View Full Version : Ebony style DIY field camera

5-Oct-2005, 23:53
I'm embarking on my first DIY camera attempt, and I'm trying to make soemthing similiar to the Ebony RW45. I have a bit of experience in DIY pro audio gear, and have enough word working an metal working skills to get by (I think). I don't however have a background in engineering, so I have many questions about how all the movement controls work.

I've been looking over photos of the Ebony RW45 for a few days, making sketches and trying to figure out how everything works. At the moment I don't have access to one to actually physically check out as there are no dealers that I'm aware of in Melbourne, Australia.

What I really need help with is the front standard and how rise and centre tilt is employed. From the pictures I can see the following:

Screwed onto the front standard is a rectangular plate, that has a U shaped grove half way up (to allow centre tilt.) This plate is screwed down at both ends and can not move seperately to the front standard itself. Attached to this is is a second rectangular plate. This appears only to be attached at the top of the standard by a screw or rivot, and is free to pivot about this point (ie it can move independantly of the standard). Finally there is the front rise/fall arm. This arm has a dual knob (one on top of the other) The bottom knob allows rise/fall movement whilst the top knob allows centre tilt. (this is from the manual)

I can't figure out how the rise/fall arm actually is phyiscally attached to the front standard, and how the two knobs allow independant movement of the rise and tilt. I can't see how either of the two knobs can screw into the standard directly, as they would no longer be able to slide along the U shaped grove on the first plate attached to the standard. My thought was that perhaps the knob is threaded onto the second plate that pivots, and then passes through that plate into the U shaped grove. Then the front rise arm is only actually attached to this middle plate, which is in turn attached to the front standard. This seems wrong though as then the front standard is only held in place be a clamping action from either side rather than have being directly bolted into the rise fall arms. The above described method would also require only one knob and would not allow independant adjustmant of rise and tilt.

I guess if anyone has got an Ebony field camera, if you've got the time could you maybe try and comment on exactly how the front standard works. If anyone is feeling really charitable and has the time, a couple of close up pictures of the front standard mechanisms posted to the web would be brilliant.


mark blackman
6-Oct-2005, 07:05
drop me an email & I'll see what I can do for you. I need to re-read your message with the camera in front of me to fully understand your requirments.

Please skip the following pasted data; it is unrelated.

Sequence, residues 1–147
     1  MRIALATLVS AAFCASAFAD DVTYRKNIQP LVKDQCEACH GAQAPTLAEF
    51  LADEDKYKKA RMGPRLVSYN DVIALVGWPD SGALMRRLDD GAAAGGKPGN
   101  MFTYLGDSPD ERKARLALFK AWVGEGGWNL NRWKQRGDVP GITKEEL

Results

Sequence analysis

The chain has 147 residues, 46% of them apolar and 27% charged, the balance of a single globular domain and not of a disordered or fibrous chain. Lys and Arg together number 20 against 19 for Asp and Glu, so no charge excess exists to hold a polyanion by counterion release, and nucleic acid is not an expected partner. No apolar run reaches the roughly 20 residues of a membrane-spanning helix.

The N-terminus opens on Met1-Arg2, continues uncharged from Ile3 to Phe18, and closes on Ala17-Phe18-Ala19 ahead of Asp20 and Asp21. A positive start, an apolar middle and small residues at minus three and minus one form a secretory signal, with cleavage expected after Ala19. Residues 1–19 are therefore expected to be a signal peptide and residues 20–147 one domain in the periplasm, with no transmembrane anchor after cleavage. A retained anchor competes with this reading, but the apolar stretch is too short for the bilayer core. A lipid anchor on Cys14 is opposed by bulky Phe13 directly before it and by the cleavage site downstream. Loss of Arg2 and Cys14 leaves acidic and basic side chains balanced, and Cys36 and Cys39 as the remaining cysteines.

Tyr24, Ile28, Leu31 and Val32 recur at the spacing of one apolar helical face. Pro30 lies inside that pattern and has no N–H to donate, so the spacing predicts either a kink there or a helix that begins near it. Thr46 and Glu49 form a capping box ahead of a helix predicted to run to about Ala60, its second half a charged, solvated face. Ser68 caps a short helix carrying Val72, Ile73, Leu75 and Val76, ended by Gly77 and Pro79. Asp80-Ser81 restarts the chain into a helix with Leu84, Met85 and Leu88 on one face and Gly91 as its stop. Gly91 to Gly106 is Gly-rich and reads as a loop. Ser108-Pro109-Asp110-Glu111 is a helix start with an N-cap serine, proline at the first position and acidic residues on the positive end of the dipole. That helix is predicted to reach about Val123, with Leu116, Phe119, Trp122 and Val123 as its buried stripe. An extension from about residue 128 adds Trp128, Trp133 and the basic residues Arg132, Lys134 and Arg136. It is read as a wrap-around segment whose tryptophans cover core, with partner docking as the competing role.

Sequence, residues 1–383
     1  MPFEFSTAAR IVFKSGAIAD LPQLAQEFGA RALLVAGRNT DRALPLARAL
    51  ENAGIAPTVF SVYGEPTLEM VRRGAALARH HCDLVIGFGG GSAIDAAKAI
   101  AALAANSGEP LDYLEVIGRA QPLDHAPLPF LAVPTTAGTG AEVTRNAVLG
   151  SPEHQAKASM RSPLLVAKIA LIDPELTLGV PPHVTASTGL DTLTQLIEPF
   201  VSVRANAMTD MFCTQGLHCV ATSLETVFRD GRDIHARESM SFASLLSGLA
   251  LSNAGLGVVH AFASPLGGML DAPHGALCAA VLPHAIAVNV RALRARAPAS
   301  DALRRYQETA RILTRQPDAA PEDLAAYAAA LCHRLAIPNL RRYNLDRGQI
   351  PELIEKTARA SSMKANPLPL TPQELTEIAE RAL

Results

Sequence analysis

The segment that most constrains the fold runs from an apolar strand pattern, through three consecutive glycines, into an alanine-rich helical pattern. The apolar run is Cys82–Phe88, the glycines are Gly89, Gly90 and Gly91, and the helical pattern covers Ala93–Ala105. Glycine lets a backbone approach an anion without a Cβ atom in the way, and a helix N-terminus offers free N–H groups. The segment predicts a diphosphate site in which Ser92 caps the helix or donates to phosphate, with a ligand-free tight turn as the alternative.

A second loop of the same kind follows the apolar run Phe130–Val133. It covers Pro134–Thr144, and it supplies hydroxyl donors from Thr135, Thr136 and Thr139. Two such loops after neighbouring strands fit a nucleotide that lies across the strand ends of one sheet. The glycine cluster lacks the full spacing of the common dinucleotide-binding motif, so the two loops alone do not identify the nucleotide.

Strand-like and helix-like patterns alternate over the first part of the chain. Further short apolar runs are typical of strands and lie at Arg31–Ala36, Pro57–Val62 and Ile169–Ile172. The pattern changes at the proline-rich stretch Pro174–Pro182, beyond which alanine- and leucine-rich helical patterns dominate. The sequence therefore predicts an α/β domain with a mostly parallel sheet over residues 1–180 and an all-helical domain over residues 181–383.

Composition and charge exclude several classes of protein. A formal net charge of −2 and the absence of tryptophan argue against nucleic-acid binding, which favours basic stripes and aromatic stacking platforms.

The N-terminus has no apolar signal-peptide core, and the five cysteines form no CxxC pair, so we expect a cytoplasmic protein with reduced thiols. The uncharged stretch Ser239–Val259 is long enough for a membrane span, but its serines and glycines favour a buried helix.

6-Oct-2005, 17:15
I have an Ebony RW45 and I live in Melbourne (near the Queen Vic markets). Drop me an email and we can work out a time for you to see the real thing up close.



Frank Petronio
6-Oct-2005, 22:11
Now, if this guy were a Chinese craftsman trying to copy an Ebony in Gougzhou -- so that he could sell a couple to feed his family -- would you guys be as helpful?

What is the difference?

Matt Powell
6-Oct-2005, 22:59

mark blackman
7-Oct-2005, 00:23
Yes, Frank.

7-Oct-2005, 02:32

I understand your point, but I do think that the difference is profit, and that I'm only planning to make one camera for myself. Realistically too, what I will produce will not be of the same calibre as the Ebony, both in materials used and in aesthetic. The design will probably end up different as well as I don't believe that I'll be able to easily reproduce all the mechanisms - I'm just looking for it as a starting point as it is a camera that would satisfy all my desires. Basically I hope to make something that is functional and useable in the field and has greater potential than my current Speed Graphic in the movement departments. Moneywise, I'd probably come off cheaper purchasing a Shen-Hao, but DIY is a hobby of mine and I enjoy projects like this.

Jeremy thanks for the offer - I'll give you an email. Mark - thanks so much for the offer, but I'll probably just save you some time and go the local route.

I posted this question over at photo.net as well and was pointed to this thread:


- I'm hoping to be able to do something similar



Frank Petronio
7-Oct-2005, 15:09
Tim, I apologize if I implied any skulldruggery on your part, I was thinking more about the previous threads slamming the Chinese copycats (who deserve to be slammed for ripping off Ebony designs).

In your case you might consider studying the excellent designs of Phillips and the Lotus cameras, and maybe picking and choosing the best ideas. They're what I would rip-off!